Paul Campos wrote:The OP's post and replies in the thread illustrate a couple of very common psychological reactions/defense mechanisms, that I think are related in an interesting way.
(1) A basic refusal, at a psychological/emotional level, to accept the validity of statistically-based arguments. The OP no doubt understands that if half the graduates of a law school don't get jobs as lawyers that means the chances of not getting a legal job for graduates of that school is 50%, but, if he gets a legal job, this reasoning no longer applies, since the odds of him getting a job are now reinterpreted as 100%. After all, now he isn't a statistic, he's a "success."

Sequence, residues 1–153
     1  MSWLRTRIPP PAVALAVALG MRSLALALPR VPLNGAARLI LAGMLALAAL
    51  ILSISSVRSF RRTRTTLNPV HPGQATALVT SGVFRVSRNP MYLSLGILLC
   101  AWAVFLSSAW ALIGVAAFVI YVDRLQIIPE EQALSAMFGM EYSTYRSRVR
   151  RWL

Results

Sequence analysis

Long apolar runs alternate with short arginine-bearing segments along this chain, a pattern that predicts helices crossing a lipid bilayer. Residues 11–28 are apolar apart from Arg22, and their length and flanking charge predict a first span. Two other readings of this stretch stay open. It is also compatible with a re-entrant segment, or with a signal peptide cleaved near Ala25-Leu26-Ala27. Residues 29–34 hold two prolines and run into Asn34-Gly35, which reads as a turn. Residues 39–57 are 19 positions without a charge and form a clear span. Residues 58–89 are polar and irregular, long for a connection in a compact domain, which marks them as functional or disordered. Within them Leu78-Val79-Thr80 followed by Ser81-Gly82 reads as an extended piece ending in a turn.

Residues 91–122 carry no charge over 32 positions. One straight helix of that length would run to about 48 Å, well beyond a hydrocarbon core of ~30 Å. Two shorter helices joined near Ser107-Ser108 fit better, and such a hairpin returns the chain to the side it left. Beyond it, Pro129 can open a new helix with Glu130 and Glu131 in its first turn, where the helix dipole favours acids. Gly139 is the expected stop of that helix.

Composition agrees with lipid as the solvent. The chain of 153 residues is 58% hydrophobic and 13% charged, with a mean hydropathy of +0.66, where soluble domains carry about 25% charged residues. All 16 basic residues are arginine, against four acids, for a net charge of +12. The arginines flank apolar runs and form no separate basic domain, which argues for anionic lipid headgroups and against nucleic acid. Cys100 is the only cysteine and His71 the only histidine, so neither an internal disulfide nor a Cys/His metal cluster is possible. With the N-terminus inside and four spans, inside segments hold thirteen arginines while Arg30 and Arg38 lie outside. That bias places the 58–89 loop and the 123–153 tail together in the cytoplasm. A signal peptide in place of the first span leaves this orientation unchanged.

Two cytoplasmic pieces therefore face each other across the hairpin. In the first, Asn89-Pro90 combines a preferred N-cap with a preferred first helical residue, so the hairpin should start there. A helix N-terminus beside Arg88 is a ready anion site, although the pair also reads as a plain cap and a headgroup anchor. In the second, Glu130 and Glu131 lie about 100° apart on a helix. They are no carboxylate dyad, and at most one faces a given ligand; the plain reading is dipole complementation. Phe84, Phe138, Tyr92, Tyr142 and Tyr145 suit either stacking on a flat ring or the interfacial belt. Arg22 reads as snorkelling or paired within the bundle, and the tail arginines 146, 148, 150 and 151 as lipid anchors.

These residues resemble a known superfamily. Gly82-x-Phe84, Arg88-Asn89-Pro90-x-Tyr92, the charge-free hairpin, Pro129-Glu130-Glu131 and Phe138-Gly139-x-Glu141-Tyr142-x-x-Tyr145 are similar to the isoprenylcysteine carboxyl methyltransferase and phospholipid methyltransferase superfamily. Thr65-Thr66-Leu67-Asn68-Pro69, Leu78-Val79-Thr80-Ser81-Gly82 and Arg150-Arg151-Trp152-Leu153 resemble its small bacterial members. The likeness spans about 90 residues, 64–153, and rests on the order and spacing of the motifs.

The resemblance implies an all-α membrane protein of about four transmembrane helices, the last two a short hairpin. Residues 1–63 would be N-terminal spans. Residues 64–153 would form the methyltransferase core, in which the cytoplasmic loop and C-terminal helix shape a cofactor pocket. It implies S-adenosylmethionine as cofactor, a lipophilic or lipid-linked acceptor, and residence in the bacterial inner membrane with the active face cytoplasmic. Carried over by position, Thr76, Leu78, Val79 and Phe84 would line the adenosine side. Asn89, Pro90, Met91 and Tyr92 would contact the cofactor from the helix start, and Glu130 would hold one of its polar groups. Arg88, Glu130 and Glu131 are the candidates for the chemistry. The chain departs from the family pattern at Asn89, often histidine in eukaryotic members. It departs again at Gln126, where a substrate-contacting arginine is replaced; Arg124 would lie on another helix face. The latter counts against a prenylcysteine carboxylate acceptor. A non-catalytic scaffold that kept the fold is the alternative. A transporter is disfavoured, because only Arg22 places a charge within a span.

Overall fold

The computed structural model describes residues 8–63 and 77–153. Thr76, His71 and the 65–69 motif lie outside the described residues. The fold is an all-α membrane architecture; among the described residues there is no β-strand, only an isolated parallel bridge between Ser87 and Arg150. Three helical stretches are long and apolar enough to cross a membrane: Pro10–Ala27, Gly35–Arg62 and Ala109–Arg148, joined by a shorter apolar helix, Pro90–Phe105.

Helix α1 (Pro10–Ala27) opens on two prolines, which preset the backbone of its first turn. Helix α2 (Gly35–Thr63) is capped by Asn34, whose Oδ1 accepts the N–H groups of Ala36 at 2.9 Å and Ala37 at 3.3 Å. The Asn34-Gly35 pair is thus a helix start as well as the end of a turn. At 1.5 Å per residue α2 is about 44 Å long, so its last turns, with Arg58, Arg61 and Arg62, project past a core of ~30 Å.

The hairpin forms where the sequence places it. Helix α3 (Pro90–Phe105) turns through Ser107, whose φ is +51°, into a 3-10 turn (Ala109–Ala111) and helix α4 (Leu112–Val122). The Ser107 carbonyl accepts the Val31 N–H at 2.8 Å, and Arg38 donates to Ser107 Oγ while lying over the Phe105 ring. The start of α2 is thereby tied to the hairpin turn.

(2) An overwhelming desire to give a moralized interpretation to statistical outcomes. If half his classmates didn't get legal jobs while he did, even though he wasn't an obvious candidate to get a job (not top 10% etc), then that must mean that they failed to do what he did to get a job (key terms: "hustle," "network").
This is all tied up with cultural imperatives to treat social outcomes as reflections of merit, as opposed to cronyism and other forms of unearned privilege, and most of all sheer random luck.
What I'm still curious about Prof Campos is how tied that 50% is to class standing. I realize OP doesn't address this at all, but I thought that there is a hard line at median. I think I'm wrong about that.